The Revised Fundamentals of Caregiving by Jonathan Evison

Hello Everyone!  I wasn’t sure if I would be posting a review for this particular book, but the deeper into the story I dug, the more engrossed I became.  Allow me to express myself regarding The Revised Fundamentals of Caregiving.

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The Revised Fundamentals of Caregiving by Jonathan Evison

Book Review by Laura the Book Enthusiast

Gerald Jampolsky once said, “Forgiveness means letting go of the past.” A simple philosophy to have, but very difficult in its execution.  In The Revised Fundamentals of Caregiving, Jonathan Evison weaves together a thematic story about life, death, loss, and letting go.  Ultimately, the idea of forgiveness is at the heart of this touching novel.  The best part of it is, it’s all done in humor.  It’s one of those stories where you can laugh and cry all within a few pages.  Evison balances emotions beautifully, allowing us to smile even despite the tragedy that befalls Benjamin Benjamin.

No, the above is not a typo, the protagonist’s name is Ben Benjamin.  From the moment you meet Ben, you know that he is a good man, but something has broken him.  He is a man on the verge of divorce, with Stay at Home Dad being the steadiest job he can add to his resume.  Ben decides to become a caregiver, which is how he meets Trev, a young man with muscle dystrophy.   A close friendship develops between the two, and Ben comes to find that he needs Trev just as much as Trev needs Ben.  Benjamin and Trevor decide to embark on a road trip, unaware of the self-discovery that awaits them.

I will admit, this story was a little slow going the first few chapters, but, as the road trip progressed, I found myself more and more engrossed.  Watching the broken Ben begin to heal, and seeing the disabled Trev begin to truly live, made the wait for the action worth it.  We get to meet Dot, and Peaches, two young women on journeys of their own, who end up at the same fork in the road as Ben and Trev, pun intended.  While the character’s destinations may be different, they will find their way together.

Caregiving is full of heart, of laughs, of tears, of contemplation.  If tragedy befalls us, is that it?  Are we stuck in this never-ending feeling of hopelessness, despair, and even guilt?  Can we learn to let go?  Can we forgive the most difficult person to forgive, ourselves?  Will Benjamin Benjamin achieve this end?  You will have to read Evison’s novel to find out.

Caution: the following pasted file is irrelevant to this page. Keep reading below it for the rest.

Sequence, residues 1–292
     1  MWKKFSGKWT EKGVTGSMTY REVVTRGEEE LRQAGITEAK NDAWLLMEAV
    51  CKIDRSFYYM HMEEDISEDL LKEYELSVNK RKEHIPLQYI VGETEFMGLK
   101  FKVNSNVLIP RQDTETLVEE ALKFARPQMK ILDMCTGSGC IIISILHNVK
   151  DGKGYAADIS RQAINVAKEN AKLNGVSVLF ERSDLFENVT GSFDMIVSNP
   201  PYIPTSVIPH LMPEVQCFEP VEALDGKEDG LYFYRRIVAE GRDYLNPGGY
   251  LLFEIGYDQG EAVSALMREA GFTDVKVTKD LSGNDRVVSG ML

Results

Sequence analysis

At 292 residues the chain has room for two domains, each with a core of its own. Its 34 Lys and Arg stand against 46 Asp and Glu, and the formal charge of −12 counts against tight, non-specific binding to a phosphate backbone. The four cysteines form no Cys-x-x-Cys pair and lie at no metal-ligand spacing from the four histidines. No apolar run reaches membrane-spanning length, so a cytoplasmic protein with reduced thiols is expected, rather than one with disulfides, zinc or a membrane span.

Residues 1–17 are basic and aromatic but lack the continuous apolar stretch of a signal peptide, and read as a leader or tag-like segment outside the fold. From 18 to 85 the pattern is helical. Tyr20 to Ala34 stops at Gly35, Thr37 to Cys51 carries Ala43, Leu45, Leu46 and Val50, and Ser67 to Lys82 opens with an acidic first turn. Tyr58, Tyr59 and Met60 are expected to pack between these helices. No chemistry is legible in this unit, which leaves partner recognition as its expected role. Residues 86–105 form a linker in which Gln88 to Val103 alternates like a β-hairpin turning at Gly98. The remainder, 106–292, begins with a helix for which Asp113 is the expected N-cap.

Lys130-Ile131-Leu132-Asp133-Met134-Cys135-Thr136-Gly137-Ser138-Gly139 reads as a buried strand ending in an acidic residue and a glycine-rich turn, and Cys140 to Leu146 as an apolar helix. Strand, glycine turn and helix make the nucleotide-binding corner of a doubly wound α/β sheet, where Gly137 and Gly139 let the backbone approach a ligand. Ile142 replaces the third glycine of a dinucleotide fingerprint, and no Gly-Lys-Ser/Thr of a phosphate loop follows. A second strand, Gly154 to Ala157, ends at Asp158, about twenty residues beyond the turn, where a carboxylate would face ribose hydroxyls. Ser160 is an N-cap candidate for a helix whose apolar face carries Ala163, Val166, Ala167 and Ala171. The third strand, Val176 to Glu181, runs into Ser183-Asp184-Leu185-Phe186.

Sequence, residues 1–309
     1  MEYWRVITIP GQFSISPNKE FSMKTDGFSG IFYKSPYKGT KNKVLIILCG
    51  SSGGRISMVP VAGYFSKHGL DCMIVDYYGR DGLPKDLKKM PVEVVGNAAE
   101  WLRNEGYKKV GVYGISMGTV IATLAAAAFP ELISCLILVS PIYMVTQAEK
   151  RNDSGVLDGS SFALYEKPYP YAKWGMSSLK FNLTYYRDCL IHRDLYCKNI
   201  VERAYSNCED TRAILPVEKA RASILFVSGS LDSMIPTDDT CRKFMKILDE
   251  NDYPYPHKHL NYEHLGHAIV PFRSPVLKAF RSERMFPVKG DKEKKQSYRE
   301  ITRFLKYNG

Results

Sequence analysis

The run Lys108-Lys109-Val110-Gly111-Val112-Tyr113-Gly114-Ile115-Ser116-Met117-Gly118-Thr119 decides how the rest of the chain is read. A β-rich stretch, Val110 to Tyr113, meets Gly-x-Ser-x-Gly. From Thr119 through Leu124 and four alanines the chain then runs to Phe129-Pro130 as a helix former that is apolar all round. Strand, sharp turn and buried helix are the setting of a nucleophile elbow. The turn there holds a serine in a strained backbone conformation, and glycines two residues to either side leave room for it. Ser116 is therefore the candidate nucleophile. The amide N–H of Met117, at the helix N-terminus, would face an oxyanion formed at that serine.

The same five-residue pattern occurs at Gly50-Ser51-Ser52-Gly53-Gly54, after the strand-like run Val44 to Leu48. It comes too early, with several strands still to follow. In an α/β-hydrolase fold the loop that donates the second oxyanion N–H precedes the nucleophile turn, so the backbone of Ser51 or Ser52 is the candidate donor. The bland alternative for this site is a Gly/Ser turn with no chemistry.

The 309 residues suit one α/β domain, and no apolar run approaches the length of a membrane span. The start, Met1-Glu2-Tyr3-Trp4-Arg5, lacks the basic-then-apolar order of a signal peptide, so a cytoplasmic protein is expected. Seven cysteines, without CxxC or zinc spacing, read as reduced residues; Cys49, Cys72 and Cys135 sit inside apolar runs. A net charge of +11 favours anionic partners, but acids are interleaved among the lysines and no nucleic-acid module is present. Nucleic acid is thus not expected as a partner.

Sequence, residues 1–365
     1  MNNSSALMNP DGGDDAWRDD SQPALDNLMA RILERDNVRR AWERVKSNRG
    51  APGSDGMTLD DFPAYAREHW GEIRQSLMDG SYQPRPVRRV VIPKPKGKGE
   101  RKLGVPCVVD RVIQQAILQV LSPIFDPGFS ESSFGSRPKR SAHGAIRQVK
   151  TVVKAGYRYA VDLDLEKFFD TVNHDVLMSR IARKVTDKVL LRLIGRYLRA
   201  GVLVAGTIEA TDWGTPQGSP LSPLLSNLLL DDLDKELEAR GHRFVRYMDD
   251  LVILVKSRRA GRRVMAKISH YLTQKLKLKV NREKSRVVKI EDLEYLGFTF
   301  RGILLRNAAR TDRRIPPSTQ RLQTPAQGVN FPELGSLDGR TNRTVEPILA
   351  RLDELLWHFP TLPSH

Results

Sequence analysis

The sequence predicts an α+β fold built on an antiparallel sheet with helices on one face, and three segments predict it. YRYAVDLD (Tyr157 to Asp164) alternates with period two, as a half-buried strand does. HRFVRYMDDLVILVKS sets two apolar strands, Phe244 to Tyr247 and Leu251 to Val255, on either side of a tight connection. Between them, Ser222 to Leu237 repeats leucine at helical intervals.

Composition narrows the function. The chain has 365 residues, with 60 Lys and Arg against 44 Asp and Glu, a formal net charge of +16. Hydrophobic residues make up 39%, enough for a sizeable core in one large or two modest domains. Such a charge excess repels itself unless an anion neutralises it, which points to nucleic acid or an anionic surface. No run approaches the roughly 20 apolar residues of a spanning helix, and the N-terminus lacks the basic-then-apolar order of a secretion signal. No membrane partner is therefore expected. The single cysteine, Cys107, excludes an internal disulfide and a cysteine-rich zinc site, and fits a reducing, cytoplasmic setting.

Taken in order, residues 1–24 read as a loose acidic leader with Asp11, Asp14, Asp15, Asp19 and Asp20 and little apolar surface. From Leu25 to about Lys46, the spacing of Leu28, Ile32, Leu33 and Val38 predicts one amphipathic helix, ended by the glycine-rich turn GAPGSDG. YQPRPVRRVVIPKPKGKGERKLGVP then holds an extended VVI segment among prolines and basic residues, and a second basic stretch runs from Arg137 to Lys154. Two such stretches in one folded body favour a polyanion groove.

Pick up a copy of The Revised Fundamentals of Caregiving at your local library or bookstore.  Better yet, pick up the audiobook version, and take it on a road trip; Ben and Trev would approve.

Some Kind of Courage-By Dan Gemeinhart

Another thank you to all who are following my blog, and liking my posts.  It means a lot to this newbie.  It makes me feel so at home, which takes me into my review.

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Some Kind of Courage, By Dan Gemeinhart

Review-By Laura the Book Enthusiast

Do you remember the old saying about a boy and his dog?  Well, how about a boy and his horse? This is the very principle that Dan Gemeinhart pens in Some Kind of Courage.  I listened to the audiobook version of this story, and I must say, it made the narrative even more touching, voiced by actor Andrew Eiden.  Both writer and voice actor made the protagonist, Joseph Johnson, so appealing.  I have always believed characters should drive the plot, not vice versa.  A character can make or break a good plot, but great characters can make an average plot exceptional.  Gemeinhart uses this tactic in his historical fiction novel.  The setting is in Washington State, just before the turn of the century.  From the outset, this novel very much plays out like a bluegrass country song.  The protagonist lost both his parents and sister in death, and is now living with an abusive guardian.  To make matters worse, Joseph’s guardian sold the boy’s beloved horse, Sarah.  Sarah, is the only family Joseph has left, and he is determined to get her back.  This is where his journey begins.